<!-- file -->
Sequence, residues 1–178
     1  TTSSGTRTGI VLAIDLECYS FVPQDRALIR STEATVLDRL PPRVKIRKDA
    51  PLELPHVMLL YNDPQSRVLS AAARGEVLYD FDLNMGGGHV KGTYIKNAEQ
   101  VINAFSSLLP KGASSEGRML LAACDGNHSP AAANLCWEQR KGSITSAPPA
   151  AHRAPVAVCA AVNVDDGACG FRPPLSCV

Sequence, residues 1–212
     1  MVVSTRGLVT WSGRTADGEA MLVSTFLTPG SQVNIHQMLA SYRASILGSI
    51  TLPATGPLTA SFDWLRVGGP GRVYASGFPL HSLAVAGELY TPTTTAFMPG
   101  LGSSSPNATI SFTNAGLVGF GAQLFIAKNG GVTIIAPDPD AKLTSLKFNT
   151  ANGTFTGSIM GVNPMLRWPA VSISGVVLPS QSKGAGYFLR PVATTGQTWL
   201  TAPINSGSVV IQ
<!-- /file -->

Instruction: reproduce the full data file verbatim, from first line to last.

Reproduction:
Sequence, residues 1–178
     1  TTSSGTRTGI VLAIDLECYS FVPQDRALIR STEATVLDRL PPRVKIRKDA
    51  PLELPHVMLL YNDPQSRVLS AAARGEVLYD FDLNMGGGHV KGTYIKNAEQ
   101  VINAFSSLLP KGASSEGRML LAACDGNHSP AAANLCWEQR KGSITSAPPA
   151  AHRAPVAVCA AVNVDDGACG FRPPLSCV

Sequence, residues 1–212
     1  MVVSTRGLVT WSGRTADGEA MLVSTFLTPG SQVNIHQMLA SYRASILGSI
    51  TLPATGPLTA SFDWLRVGGP GRVYASGFPL HSLAVAGELY TPTTTAFMPG
   101  LGSSSPNATI SFTNAGLVGF GAQLFIAKNG GVTIIAPDPD AKLTSLKFNT
   151  ANGTFTGSIM GVNPMLRWPA VSISGVVLPS QSKGAGYFLR PVATTGQTWL
   201  TAPINSGSVV IQ